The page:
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I've been struggling to find an example of an ideal phase response for a single port SAW resonator. In particular, I'm looking for a graph similar to this one:

which shows the admittance/conductance and phase response of a BAW resonator, but for a SAW resonator. Can I expect the same type of response out of a SAW resonator as that shown in the graph above, or will it be different? Forgive me if this is a basic question, I have a textbook on SAW devices in front of me but can't for the life of me find anything about the phase response in it (or in my extensive Google searches for that matter). Any help would be greatly appreciated!

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It seems that single-port devices like quartz crystals, ceramic resonators (including ultrasonic devices), BAW & SAW resonators all have an equivalent circuit of the same type:

schematic

simulate this circuit – Schematic created using CircuitLab

Co dominates at low frequency. Cm resonates with Lm at the series-resonant frequency, where Rm dominates. In your BAW graph, series-resonant frequency is approx. 6.263 MHz.
Above series-resonant frequency, reactance is inductive for a small span. In your BAW graph, this inductive region spans from 6.263 - 6.272 MHz.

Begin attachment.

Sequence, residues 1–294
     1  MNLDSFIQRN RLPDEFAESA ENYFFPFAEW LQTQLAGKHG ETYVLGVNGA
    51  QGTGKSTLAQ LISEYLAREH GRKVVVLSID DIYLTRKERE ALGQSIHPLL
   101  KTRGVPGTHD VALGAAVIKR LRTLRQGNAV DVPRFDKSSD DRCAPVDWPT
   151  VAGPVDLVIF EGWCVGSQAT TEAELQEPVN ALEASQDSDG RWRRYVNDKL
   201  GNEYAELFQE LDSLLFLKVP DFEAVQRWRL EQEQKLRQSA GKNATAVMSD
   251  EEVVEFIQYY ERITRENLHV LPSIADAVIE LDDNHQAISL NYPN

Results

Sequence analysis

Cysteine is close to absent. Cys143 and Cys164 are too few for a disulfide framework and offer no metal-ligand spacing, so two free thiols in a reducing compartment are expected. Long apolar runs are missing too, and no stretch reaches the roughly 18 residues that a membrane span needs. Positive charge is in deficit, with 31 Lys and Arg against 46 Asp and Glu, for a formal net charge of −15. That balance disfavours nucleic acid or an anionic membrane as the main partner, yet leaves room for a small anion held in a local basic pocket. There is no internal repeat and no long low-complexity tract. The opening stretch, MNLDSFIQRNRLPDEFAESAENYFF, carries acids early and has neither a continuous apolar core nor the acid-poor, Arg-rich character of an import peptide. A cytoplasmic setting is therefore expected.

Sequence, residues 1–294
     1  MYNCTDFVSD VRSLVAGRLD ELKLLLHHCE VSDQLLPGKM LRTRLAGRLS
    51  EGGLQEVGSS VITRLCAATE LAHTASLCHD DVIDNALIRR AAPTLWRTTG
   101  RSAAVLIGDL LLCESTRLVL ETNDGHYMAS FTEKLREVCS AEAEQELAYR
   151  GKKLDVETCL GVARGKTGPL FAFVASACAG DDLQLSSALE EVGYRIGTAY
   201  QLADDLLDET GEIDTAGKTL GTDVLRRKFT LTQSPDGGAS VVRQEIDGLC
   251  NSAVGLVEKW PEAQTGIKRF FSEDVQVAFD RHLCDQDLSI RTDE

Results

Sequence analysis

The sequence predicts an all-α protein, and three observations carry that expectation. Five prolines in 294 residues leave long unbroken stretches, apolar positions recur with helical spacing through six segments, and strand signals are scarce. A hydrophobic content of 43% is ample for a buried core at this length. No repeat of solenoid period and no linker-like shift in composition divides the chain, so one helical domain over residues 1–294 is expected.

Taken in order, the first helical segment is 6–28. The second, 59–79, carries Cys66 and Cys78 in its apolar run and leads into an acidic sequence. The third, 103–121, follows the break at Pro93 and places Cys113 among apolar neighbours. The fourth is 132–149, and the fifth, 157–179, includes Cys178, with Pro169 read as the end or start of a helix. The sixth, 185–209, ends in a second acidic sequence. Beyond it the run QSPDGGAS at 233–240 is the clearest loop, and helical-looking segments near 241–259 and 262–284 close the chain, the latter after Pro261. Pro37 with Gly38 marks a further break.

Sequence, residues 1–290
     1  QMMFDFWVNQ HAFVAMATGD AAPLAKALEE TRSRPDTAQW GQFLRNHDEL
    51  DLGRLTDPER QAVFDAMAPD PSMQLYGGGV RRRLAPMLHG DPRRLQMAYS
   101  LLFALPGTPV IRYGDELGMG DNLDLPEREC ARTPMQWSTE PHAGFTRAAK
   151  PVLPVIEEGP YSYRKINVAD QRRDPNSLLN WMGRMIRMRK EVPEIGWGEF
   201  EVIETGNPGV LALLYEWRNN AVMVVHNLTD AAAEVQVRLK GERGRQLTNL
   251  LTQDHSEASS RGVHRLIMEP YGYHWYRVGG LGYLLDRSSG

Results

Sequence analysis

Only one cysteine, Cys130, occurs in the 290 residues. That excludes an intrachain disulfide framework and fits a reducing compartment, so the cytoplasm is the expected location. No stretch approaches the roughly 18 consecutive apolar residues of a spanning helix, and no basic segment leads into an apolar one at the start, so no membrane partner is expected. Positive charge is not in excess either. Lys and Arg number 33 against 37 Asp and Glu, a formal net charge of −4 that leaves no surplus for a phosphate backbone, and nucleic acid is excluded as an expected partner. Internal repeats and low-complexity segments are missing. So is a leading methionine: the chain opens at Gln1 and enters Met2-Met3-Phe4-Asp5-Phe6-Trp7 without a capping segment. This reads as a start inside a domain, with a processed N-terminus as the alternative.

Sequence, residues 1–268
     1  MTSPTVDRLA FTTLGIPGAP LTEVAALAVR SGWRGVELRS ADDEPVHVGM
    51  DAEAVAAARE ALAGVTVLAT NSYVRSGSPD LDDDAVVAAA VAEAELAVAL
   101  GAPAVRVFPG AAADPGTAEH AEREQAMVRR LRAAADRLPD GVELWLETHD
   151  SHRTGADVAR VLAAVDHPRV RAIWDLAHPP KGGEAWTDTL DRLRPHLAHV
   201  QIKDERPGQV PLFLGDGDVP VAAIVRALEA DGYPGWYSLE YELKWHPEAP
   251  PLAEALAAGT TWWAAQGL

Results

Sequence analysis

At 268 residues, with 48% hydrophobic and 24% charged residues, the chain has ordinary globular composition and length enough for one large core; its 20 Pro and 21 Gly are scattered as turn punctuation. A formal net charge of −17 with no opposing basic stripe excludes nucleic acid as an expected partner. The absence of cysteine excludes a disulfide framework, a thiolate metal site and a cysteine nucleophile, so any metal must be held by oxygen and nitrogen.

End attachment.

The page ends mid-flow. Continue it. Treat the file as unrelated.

At a frequency slightly higher than series-resonance, Cm combines with Co to yield anti-resonance (sometimes called parallel resonance). In your BAW graph, this is around 6.272 MHz.
Above the anti-resonant frequency, reactance becomes capacitive, and Co dominates. So yes (to answer your question), a SAW likely has a similar progression as your BAW example.
Quartz crystals have numerous spurious resonances which are often not characterized - only one dominant resonance (shown by the equivalent circuit above) is spec'd. Harmonic resonances are often not spec'd either. Some high frequency crystals are made to select 3rd, 5th, or even 7th harmonic - only the most active is spec'd.
I'd expect that any piezo devices have similar spurious resonances. It is sometimes possible that spurs can dominate in some circuits, but this is quite uncommon.

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  • \$\begingroup\$ Thanks @glen_geek, this helps. To help any others looking at this question I also went back to fundamentals, remembering that purely capacitive reactance results in a voltage that lags current by \$\frac{\pi}{2}\$ while purely inductive reactance results in a voltage that leads current by \$\frac{\pi}{2}\$. This explains the relationship between the reactance in the graph shown above for the BAW resonator and the phase, and would similarly apply for a SAW resonator. \$\endgroup\$ Dec 9 '16 at 14:44

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